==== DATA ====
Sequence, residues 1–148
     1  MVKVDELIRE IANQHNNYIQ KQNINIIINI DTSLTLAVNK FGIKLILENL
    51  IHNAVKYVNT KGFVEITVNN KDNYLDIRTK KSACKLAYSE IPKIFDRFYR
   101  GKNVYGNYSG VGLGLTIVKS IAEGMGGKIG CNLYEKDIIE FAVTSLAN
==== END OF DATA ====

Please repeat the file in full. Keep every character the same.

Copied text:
Sequence, residues 1–148
     1  MVKVDELIRE IANQHNNYIQ KQNINIIINI DTSLTLAVNK FGIKLILENL
    51  IHNAVKYVNT KGFVEITVNN KDNYLDIRTK KSACKLAYSE IPKIFDRFYR
   101  GKNVYGNYSG VGLGLTIVKS IAEGMGGKIG CNLYEKDIIE FAVTSLAN